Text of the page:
“My aim is World Championship under 17 in Kenya,” said Daniel Kováč in a news report of the public RTVS television. Kováč is young Roma man who is following his dream to become a successful speed walker, like his idol Matej Tóth, who won the gold medal at the Olympics in summer 2016.
The young athlete has a problem, however. He comes from a socially disadvantaged family and is not able to afford the commute from his home town to the place where he could train. That’s why he and his couch were looking for fundraisers and opportunities to help him get not only the appropriate training clothing but also to get him into various training camps.
Kováč is only one of many talented athletes who could possibly become successful in their field of sport if they had enough money to pay for it. Searching for money is not always easy.
Searching for support
The Slovak Olympic Committee (SOV) runs a fund to sponsor athletes like Kováč. During the year 2015, the fund supported a few sport clubs focused on social integration through sport.
The Fund of SOV was looking for systematic solution, however, so they involved the public to the decision making process, according to Ľubomír Souček, the spokesman of SOV.
“Through the grant project “Show yourself!”, young athletes from age 12 to 18 years can apply for a grant,” explained Souček for The Slovak Spectator. The grant project was launched in the autumn of 2015. The grant application involves not only information about sports accomplishments, but also the whole situation, social one included. Besides that, applicants have to attach a motivational video.
“The Fund of SOV wants to support young sports participants to search actively for possible partners and fundraisers,” continues Souček.
The members of board of directors alongside with ambassadors – usually well-known Olympians – consider the applications. They will choose from 12 finalists from the candidates. Specific division of the grant is decided by the public via online voting.
“Last year, people sent 25,000 votes,” said Souček. Twelve young sportsmen divided 30,000 euros.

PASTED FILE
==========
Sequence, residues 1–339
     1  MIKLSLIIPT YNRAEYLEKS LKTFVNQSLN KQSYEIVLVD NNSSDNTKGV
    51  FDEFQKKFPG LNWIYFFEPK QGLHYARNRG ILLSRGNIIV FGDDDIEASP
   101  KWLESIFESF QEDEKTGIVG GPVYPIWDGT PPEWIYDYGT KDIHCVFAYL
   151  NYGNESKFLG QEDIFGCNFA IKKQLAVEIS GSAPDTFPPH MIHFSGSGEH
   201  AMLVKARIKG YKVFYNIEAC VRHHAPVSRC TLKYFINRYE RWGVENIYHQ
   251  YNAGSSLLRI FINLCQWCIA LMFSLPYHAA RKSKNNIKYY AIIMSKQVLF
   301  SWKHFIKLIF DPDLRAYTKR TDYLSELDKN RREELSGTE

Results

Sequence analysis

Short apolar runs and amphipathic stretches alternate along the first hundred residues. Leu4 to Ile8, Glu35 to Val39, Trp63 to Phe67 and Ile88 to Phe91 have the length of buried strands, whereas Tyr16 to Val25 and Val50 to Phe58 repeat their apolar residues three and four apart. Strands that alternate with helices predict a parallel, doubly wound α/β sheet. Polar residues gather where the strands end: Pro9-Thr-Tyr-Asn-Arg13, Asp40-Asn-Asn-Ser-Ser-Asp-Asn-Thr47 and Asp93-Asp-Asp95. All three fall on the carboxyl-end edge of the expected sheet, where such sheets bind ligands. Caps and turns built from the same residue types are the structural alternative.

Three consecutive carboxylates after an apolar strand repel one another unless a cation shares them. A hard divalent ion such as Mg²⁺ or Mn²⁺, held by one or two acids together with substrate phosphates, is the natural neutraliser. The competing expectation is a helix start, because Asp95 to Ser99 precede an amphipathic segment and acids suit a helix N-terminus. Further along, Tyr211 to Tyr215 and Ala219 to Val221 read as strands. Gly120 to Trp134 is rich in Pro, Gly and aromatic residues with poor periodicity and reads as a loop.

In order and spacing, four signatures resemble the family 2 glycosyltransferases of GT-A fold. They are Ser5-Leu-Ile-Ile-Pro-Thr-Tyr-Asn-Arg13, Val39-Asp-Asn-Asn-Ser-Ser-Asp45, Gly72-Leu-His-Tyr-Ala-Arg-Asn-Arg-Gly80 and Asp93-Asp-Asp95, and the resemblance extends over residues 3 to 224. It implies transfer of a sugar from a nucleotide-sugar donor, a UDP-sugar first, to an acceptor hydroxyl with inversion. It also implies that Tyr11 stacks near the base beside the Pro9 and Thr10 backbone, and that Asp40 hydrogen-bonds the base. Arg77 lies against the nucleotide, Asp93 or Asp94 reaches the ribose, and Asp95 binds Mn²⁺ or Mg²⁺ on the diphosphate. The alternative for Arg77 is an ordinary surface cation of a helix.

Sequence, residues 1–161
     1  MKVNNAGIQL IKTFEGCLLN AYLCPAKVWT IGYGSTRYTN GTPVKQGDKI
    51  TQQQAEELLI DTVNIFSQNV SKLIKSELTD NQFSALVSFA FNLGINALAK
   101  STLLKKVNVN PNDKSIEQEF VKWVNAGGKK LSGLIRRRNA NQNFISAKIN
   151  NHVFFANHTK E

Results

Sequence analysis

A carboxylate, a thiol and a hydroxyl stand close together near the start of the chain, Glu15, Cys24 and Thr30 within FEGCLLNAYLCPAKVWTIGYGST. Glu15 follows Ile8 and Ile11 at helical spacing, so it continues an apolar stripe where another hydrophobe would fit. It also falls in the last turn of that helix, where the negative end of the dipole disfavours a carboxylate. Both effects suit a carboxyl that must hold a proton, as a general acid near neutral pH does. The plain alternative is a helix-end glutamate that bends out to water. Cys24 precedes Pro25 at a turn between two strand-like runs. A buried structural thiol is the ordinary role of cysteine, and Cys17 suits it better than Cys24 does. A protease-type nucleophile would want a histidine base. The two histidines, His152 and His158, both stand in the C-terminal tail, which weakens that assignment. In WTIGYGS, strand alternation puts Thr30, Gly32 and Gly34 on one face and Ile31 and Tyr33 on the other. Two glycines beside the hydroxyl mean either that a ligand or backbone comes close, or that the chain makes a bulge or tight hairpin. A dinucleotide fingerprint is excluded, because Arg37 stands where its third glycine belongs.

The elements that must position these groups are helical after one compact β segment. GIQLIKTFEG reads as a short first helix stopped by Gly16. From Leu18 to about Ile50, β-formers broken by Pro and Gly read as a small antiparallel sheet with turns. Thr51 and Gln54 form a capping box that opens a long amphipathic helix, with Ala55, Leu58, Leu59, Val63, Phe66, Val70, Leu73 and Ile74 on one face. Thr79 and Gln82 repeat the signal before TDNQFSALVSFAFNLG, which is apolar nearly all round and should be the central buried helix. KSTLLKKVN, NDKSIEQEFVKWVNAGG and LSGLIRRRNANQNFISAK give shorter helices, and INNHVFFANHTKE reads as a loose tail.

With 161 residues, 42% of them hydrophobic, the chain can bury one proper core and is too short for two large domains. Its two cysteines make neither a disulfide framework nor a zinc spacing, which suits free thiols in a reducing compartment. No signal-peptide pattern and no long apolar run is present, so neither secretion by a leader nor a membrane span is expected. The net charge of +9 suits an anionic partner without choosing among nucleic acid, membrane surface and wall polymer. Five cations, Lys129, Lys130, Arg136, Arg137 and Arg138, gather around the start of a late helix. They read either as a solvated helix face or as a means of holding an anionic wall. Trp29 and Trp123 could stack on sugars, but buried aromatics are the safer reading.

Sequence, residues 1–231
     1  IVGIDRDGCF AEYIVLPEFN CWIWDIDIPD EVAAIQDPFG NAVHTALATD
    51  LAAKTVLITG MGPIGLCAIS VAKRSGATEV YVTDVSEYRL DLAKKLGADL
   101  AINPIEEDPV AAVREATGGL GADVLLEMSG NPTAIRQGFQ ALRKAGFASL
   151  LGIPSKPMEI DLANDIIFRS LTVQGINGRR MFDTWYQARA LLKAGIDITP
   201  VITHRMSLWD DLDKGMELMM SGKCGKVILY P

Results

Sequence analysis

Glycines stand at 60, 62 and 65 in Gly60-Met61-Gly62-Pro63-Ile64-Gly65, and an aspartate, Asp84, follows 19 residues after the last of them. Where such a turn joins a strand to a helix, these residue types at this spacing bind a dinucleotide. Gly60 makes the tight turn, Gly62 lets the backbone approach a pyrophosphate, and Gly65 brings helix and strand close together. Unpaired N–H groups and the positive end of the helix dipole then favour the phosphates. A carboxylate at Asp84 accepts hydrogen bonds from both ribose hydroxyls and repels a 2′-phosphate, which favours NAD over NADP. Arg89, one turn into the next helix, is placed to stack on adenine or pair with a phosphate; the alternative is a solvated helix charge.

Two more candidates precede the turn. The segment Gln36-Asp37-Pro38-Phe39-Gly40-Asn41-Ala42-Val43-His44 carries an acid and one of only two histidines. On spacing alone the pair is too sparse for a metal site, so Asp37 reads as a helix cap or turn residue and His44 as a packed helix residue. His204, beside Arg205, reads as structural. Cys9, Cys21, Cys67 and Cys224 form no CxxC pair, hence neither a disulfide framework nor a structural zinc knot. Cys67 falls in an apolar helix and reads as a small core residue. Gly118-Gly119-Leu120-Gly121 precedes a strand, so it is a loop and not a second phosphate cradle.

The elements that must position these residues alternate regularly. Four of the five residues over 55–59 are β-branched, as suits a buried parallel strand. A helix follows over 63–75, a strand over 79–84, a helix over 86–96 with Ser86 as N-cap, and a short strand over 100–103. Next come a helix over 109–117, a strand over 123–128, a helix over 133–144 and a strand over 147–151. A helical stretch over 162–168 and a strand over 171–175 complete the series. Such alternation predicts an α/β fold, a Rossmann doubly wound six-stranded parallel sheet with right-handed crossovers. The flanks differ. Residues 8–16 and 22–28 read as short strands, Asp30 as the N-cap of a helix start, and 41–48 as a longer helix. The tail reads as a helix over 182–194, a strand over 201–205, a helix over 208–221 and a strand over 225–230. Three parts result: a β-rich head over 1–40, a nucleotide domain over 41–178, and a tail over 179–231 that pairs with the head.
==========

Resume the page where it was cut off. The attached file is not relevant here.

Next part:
“Before Christmas of last year, we succeeded in gaining more money, so we divided 5,000 euros between 5 other sportsmen,” continues Souček, adding that in last year there was 75 applicants in total and the Fund of SOV continues in cooperation also with these who were unsuccessful in their application for a grant.
“After the success of the project last year we feel the obligation to continue,” said Souček, adding that the Fund of SOV would be glad if applicants included those from team sports.
“We plan to divide the project into two parts, one would be focus on teams in collective sport,” said Souček, adding that they want also to increase the money in the project.
If a young athlete is a member of one of the national sport unions, he or she would get indirect financial support from the Education Ministry, which supports the unions.
“A decision on the specific form of support is then on the national sport union which could consider what the athlete needs to grow their talent,” stated Ivana Skokanová from the Education Ministry press office for The Slovak Spectator.
With intellectual disabilities
Those athletes who are intellectually disabled are sheltered by the Special Olympics Slovakia. The organisation brings together more than 3,000 athletes who perform sports in more than 40 clubs.
“Special Olympics Slovakia is supporting athletes with sport equipment, goods and their participation at national and international sport competitions,” stated Eva Gažová, the national director of Special Olympics Slovakia (SOS) for The Slovak Spectator.
“Our athletes are coming from a different social environment. As a sport organization there is no recognized difference in support,” Gažová explains, adding that weak social classes are an important part of their movement as a lot of athletes are based in Social Care Centers.
All members of the SOS have open doors to all national competitions organized by SOS in 13 Olympic disciplines. Special Olympics Slovakia also works as a consultant body. They are experienced in motivating and supporting families with intellectually disabled children to show them an option of how to productively spend free time of their children. The Special Olympic Program is the most comprehensive program supporting the development of personality, integration and emotional needs of people with intellectual disabilities, continued Gažová.
Special Olympics International as the umbrella of all national Special Olympics Programs acts as an independent organization. World Winter and World Summer Special Olympics Games are organized only for athletes with intellectual disabilities. The aim of the Special Olympics is to provide all-year round sport training and competition programs for children and adults with intellectual disabilities, she added.
“We believe that every person with an intellectual disability should have the same chance for development of his or her personality as a healthy individual,” Gažová explained the philosophy of Special Olympics, adding that integration and social interaction strengthens the athlete's sense of pride and success.
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